Breeding season for our Cuban crocodiles ended in March, but staff continue to train the crocodiles to shift off exhibit. The hope is that when a keeper calls aloud for the crocs to shift, all of them will walk to the holding area in the back of their exhibit. Once they are in the holding, the doors are closed and a keeper whistles, signaling that they've done what we've asked, and then feeds the crocodiles.
This is an important behavior for the crocodiles to learn for several reasons. First, these crocodiles are extremely aggressive, so we never enter the enclosure with them. We will only enter the exhibit if the crocodiles are in the holding area. When they are off exhibit, we clean the enclosure and ensure that everything is functioning correctly. We also can collect samples (like fecal samples) for research purposes. And lastly, we collect any eggs after nesting season. This time of year it's important for us to maintain and strengthen the shifting behavior because it is difficult to get our females off their nests after they lay eggs. Female crocodilians fiercely guard their nests. Each year we shift the crocodiles off exhibit to collect the eggs, though the eggs are not always fertile. If we can collect the eggs then we can also collect data on them.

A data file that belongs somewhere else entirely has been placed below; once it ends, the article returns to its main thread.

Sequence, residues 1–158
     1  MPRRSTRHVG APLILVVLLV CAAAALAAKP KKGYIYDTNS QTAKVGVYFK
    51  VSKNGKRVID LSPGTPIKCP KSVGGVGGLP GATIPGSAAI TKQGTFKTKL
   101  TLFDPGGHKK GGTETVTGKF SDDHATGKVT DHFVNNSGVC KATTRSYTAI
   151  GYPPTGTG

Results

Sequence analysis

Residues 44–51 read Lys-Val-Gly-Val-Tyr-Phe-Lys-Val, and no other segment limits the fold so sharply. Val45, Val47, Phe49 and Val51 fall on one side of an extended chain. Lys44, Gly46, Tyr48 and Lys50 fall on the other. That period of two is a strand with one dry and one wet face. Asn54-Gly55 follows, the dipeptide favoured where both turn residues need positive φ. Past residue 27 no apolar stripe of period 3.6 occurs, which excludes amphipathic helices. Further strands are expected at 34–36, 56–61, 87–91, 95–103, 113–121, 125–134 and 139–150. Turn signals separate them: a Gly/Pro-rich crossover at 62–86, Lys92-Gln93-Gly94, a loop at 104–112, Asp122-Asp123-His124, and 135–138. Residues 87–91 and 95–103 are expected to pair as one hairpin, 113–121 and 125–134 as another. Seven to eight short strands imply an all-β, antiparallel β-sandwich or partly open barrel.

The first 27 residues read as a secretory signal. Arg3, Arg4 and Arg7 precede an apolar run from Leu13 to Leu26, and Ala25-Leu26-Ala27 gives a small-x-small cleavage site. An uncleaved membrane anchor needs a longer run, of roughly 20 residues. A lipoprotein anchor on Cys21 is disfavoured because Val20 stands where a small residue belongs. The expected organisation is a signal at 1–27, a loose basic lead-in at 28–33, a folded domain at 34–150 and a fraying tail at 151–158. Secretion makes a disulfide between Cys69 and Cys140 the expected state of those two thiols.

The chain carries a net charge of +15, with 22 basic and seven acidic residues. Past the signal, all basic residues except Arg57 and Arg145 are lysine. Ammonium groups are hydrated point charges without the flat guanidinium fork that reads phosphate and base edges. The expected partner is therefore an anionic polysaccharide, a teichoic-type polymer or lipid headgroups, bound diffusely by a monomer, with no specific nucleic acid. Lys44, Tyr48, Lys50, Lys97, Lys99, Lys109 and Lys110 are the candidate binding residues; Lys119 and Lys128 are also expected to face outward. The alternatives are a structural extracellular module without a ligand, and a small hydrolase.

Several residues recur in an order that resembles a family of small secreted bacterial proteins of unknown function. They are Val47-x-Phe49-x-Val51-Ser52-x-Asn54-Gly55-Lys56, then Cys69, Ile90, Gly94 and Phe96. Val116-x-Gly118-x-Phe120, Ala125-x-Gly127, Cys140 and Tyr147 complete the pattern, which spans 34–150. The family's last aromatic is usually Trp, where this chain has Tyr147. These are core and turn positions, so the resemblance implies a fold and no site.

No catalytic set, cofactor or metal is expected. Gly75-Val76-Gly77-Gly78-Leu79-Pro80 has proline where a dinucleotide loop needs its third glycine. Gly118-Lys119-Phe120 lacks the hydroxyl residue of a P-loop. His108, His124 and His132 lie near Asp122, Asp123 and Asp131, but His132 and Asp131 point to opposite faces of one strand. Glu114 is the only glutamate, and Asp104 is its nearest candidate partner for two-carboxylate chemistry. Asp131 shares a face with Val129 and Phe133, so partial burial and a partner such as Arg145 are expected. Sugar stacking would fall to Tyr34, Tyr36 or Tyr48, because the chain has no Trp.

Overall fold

Breeding season can also bring out specific behaviors with our female crocs, especially from Dorothy, our 58-year-old Cuban crocodile. She lives at our crocodile exhibit with another female, Blanche, and a male, Jefe. Dorothy is the larger female in her enclosure and asserts her dominance over Blanch. In the wild older crocodiles are generally larger, and they will usually breed sooner in the season and more often than younger and smaller females. And we see that with our crocs too. Dorothy starts to court and breed with Jefe earlier in the year than Blanche and Dorothy has been seen trying to break up Jefe and Blanche when they are breeding.